Today is June 1, and we’ve had July/August temperatures for weeks now. Eesh. It’s gonna be one long, hot summer. Thankfully, we have the ability to head to higher elevation relatively easily from Phoenix where we can find cooler temperatures. This weekend we did just that and got on I-17 toward Flagstaff. I was ready for an adventure!
Mom read about Bismarck Lake in the June 2020 issue of Arizona Highways magazine, and she had seen pictures before on her calendar. Depending upon where you live, it is about 2 ½ to 3 hours drive to the trail head. From Flagstaff, go northwest on Route 180 for 10 miles until you come to Forest Road 151, which is a dirt road. It’s bumpy in spots, and you need to watch out for a few potholes. You don’t need a high-clearance vehicle to drive it, and any car should do. Anyway, turn right on 151 and continue for 6 miles (watch your odometer) until you see FR 627 on your right. It’s marked, and it leads you to the trail head. Parking is ample and free, but there isn’t a human restroom. Remember: whatever you pack in – pack it out!
This is a short, easy hike that is at the base of Humphrey’s Peak – the highest natural point in Arizona with an elevation of 12,633. Don’t worry, you don’t hike up that high. You are, however, at 8,500 to 8,800 feet, and you will feel it. In order to prevent any altitude sickness, drink extra water. Although the grade is gradual, you are hiking up to the lake.
I immediately smelled the ponderosa pine trees. Oh, how I love hiking in the forest as the soft ground is gentler on the paws. Woof! I was a happy dog to be in the mountains. This three-mile loop takes you through the forest to a huge open meadow. Apparently, elk and deer live here, but we didn’t see any. We did see Humphrey’s Peak in all its glory. You will continue on to the lake, which will be on your right (one mile from the parking lot). You will notice a lot of aspen trees, and you have a couple of options:
- You can go to Bismarck Lake first like we did. If you do, take a left at the first trail sign and follow it directly to the lake. After you come to the lake and take your pictures, you will continue on but will need to follow the trail on the right. There are three paths, but only one of them is the real trail. I guess humans have gotten lost over time and created worn paths that don’t take you around to the Arizona trail. Stay on the farthest right trail that will come to the Arizona trail, and turn right. It’s easy to miss as a tree has fallen, blocking the trail. You have to climb over or under it. This loops up deeper into the forest and then back down, passing the lake on your right again. You’ll come to the intersection that you first saw and will take that left back to the parking lot.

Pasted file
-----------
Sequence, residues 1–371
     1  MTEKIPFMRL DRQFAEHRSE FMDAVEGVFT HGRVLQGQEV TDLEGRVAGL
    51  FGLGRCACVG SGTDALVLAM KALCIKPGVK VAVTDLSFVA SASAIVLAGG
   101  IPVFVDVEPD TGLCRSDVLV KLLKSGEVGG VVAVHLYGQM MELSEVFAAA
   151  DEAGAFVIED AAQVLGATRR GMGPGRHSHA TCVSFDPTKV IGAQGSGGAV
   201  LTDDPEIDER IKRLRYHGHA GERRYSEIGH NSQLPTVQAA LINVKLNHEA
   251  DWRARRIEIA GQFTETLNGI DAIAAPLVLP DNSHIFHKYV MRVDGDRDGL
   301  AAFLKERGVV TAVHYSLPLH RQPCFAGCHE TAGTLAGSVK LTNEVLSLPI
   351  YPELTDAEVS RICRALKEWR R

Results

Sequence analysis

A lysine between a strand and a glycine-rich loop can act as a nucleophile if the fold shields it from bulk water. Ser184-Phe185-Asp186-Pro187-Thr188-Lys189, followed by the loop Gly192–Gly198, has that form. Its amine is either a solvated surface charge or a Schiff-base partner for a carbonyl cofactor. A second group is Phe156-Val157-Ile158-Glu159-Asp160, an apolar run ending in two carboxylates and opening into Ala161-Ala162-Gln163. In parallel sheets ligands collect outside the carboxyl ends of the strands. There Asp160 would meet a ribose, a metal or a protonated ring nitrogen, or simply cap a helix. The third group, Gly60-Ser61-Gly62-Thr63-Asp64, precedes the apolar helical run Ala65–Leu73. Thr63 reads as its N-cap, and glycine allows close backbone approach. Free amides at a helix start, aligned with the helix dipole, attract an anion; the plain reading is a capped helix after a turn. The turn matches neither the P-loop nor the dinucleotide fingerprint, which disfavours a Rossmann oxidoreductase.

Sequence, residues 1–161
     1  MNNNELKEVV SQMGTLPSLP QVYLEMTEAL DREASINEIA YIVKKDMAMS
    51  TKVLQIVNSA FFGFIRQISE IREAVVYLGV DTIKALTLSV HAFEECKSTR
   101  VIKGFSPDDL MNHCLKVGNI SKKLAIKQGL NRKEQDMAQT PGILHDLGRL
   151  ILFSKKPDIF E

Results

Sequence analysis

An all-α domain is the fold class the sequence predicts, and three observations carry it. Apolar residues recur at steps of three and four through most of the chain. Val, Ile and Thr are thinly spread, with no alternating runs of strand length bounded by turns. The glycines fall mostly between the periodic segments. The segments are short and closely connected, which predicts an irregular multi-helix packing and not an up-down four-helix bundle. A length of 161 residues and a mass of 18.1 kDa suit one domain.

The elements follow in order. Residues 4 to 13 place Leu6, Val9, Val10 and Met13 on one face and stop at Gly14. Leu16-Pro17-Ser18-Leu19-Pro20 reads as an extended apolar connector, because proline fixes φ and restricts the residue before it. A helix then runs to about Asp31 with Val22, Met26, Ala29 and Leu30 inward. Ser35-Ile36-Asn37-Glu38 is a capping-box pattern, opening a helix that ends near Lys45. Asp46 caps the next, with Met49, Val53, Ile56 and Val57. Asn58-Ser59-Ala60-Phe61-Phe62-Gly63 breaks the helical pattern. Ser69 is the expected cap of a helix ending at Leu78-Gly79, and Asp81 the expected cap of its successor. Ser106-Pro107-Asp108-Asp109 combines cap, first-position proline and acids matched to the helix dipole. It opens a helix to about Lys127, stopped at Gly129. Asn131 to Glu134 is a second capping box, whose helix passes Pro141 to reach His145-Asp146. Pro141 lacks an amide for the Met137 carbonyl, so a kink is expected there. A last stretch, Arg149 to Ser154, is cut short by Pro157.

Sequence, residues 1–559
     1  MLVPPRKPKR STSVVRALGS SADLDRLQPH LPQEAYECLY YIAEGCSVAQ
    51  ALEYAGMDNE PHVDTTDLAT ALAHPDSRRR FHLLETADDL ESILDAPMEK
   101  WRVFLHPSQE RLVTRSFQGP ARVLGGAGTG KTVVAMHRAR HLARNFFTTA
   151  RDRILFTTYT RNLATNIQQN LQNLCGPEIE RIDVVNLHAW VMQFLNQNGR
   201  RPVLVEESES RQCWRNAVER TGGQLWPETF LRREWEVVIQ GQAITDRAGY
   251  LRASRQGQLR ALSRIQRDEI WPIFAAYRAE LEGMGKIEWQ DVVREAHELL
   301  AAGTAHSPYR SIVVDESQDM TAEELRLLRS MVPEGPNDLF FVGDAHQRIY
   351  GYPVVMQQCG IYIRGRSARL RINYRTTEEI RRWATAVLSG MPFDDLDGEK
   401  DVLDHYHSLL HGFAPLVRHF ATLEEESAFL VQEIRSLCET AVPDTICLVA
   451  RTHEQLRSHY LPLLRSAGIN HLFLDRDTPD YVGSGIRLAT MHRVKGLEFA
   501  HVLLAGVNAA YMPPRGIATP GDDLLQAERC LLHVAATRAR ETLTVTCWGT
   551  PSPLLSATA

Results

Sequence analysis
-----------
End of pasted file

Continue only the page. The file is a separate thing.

- Or, you can go the reverse direction and hike around the lake via the Arizona Trail. At the first trail marker, turn right. You’ll follow this and pass the lake on your left, but you won’t be at the lake yet (off in the distance). Continue on until the trail marker, and turn left. This will loop you back down to the lake. Enjoy the lake and views and then follow the trail back to the parking lot.
In both cases, it is one mile to the lake. It is the loop and using the Arizona Trail that adds another mile for a total of three miles round trip. Note: Bismarck Lake varies in size and relies upon rain to fill up. It can be a good-size lake or a pond…or a mud puddle. You don’t know until you get there, but the views are spectacular regardless. It had enough water in it for a swim. Ah – so refreshing! We met my kind who had already swam in it, and by the time we got there, we had it all to ourselves. Yowsa! After I cooled off, we set up camp for a picnic. We ate lunch and then dad set up a hammock for mom. Good Dad! Dad took a snooze on the grass as I did. We enjoyed the sounds of nature: wind whistling in the pines and birds chirping. The winds can be strong in the meadow by the lake, so we were nestled in the trees.
Depending upon the time of year you go, watch the skies. I wouldn’t want to get caught in a monsoon and worry about lightening. Today, it was high 70s and just perfect. Although we saw some others hiking the trail, it was not heavily trafficked. That made us happy! This was a great find, and it will be on my top, best hikes of all time. Looking to get away from the heat? This is worth the drive.
My mom, Lorraine Bossé-Smith is kind enough to help me share my Great Adventures, big and small. My mom is a motivational speaker, corporate trainer, business consultant, executive coach, behavioral-wellness expert, and author of nine published books. More importantly, she’s the best doggy mom ever!
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Get outside! You never know what you’ll discover, and our paths just might cross. Happy tails!